A reciprocal relationship exists between
the blood level of a hormone and rate of
its synthesis and secretion.
Feedback mechanisms help in
maintaining homeostasis within the
This concept is proposed by Moore and
Price in 1932.
It is a two-way communication between
the endocrine gland and the target
It is a self-balancing mechanism.
In a negative feedback system, a gland
is sensitive to the concentration of the
substance it regulates.
When the concentration of the
regulated substance reaches a certain
threshold level, it inhibits the gland from
secreting more hormone until the
concentration returns to normal.
Neurons in the hypothalamus
secrete thyroid releasing
hormone (TRH), which
stimulates the anterior
pituitary to secrete thyroidstimulating hormone (TSH).
TSH stimulates the synthesis
and secretion of thyroid
When blood levels of thyroid
hormones increase above a
certain threshold, TRHsecreting neurons in the
hypothalamus are inhibited
and stop secreting TRH. This is
an example of "negative
The increased activity of an endocrine
gland is followed by stimulation.
Positive feedback is not common.
E.g. action of oxytocin on uterine muscle
during child birth. Loop stops when baby
leaves birth canal.
Positive feedback is easily observed
under experimental conditions e.g.
muscular injection of estrogen in female
Hormones are normally present in blood
Steroid and thyroid hormones bind to
transport proteins in the plasma.
Amines and peptide hormones are
hydrophilic and mix easily with blood
Unbound hormones have shorter half life
and bound hormones exhibit longer half
life. Transport proteins protect circulating
Hormones activate only those cells that
have receptors for them.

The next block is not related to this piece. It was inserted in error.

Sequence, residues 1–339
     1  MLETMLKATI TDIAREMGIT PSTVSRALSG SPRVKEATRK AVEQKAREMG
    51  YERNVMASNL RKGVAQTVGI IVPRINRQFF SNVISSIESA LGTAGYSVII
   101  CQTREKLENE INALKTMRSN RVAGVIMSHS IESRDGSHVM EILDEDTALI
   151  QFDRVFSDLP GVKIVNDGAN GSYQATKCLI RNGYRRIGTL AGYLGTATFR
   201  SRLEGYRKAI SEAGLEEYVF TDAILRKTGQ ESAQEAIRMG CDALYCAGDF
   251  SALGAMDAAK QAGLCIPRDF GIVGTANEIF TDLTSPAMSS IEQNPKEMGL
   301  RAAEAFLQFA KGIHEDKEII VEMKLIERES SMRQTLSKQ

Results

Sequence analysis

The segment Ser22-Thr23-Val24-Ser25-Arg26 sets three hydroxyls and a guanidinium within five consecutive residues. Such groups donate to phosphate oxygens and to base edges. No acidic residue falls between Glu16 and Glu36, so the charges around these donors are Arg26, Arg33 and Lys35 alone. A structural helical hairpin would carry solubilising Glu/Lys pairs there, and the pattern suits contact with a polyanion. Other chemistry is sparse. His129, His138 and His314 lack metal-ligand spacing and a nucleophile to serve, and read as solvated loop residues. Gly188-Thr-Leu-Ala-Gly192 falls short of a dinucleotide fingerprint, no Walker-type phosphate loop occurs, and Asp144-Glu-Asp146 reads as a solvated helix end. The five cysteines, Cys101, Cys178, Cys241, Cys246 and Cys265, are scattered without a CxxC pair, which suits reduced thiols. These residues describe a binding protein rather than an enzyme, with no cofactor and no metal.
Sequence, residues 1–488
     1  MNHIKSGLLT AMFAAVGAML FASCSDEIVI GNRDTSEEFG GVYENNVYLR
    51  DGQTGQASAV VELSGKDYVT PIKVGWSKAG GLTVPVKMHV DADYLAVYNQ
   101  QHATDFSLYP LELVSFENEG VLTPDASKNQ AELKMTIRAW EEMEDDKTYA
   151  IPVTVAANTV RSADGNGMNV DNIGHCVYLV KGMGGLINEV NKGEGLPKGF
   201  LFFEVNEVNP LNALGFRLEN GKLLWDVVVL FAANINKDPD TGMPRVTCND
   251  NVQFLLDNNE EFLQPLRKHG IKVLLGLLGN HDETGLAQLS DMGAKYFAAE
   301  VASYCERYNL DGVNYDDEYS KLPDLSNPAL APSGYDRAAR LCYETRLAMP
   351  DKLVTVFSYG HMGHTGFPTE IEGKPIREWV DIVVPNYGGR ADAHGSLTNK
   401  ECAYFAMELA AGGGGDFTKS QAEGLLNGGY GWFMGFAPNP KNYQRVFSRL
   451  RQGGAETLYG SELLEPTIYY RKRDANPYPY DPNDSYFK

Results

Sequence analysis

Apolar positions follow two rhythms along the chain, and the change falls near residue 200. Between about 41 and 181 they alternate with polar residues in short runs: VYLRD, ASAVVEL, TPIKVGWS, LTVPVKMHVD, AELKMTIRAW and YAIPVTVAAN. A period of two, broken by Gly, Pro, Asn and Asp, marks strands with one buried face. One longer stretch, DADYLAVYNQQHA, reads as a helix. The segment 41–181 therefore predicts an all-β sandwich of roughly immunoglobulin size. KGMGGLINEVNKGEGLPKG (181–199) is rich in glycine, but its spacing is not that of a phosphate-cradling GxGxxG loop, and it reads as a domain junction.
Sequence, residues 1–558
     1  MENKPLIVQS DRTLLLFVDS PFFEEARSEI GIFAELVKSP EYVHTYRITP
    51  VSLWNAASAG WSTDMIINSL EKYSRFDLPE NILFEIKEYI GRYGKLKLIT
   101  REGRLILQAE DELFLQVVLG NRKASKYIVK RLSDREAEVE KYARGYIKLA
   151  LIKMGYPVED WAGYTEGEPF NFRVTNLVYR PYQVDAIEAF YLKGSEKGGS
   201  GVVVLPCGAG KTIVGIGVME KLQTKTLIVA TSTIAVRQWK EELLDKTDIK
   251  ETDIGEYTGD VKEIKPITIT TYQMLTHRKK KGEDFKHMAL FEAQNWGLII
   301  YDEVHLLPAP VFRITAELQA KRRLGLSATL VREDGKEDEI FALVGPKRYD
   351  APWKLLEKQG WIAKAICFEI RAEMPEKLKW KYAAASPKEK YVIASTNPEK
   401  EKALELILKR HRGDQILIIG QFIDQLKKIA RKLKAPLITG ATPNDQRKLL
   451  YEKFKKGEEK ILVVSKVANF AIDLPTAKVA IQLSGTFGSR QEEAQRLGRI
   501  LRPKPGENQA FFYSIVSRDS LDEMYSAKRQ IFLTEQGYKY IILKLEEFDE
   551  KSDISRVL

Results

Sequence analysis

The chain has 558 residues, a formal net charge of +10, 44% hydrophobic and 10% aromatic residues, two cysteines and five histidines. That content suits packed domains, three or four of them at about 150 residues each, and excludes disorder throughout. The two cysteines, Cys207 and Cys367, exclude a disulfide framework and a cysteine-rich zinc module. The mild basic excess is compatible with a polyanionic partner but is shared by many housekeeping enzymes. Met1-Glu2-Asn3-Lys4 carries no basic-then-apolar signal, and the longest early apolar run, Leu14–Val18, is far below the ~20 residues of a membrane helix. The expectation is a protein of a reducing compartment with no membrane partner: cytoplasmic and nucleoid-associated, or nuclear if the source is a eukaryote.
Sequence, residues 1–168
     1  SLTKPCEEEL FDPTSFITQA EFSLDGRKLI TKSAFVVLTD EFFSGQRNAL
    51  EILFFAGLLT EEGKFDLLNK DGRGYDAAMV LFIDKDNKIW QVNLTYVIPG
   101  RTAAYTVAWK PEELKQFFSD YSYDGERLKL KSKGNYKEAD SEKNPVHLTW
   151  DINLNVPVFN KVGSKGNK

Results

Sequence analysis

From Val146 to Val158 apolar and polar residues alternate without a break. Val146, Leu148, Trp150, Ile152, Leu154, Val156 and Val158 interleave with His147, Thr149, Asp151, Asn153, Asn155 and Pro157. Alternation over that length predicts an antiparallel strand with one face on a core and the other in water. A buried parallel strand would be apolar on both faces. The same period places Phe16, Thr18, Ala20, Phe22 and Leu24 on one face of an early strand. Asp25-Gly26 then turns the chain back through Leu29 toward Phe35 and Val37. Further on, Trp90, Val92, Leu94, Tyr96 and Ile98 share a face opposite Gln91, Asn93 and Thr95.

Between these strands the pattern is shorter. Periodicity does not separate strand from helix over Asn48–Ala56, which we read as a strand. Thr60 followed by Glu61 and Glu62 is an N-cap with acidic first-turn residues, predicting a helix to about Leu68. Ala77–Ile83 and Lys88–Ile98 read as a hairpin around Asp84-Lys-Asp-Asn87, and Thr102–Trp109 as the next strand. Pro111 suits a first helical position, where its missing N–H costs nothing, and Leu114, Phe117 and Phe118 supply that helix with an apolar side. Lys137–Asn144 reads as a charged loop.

Hormone receptors are located on plasma
membrane, in the cytoplasm or in the
Hormone – receptor interactions exhibit
specificity and saturation.
Protein hormones react with receptors on
the surface of the cell. Steroid hormones
react with receptor sites inside a cell.
control of metabolic
function can lead to
cascade or step-bystep amplification.
• Regulate body fluid composition
• Rate of gaseous exchange
• Activity of cardiovascular system
• Supports the role of nervous system
• Influences embryonic development
• Certain hormones require the presence of another hormone for the
expression of their activity.
EDCs are both natural or man-made
chemicals that may mimic or interfere
with the function of hormones in the
Environmental endocrine disrupting
chemicals include persistent organic
pollutants (POPs) such as pesticides
(DDT), dioxins, polychlorinated
biphenyls(PCBs) and plasticizers
Endocrine disruption is an important
public health concern.
EDCs produce adverse developmental,
reproductive, neurological and immune
effects in both humans and wildlife.
In humans, EDCs may cause:
Reduce male fertility
Induce abnormalities in male reproductive organs
Cause reproductive diseases in females
Neuro-developmental disorders in children
Dr.B.Victor is a highly experienced postgraduate
professor, recently retired from the reputed
educational institution - St. Xavier’ s College,
He was the dean of sciences and assistant controller
He has more than 32 years of teaching and research
He has taught a diversity of courses ranging from
pre- university to post graduate classes.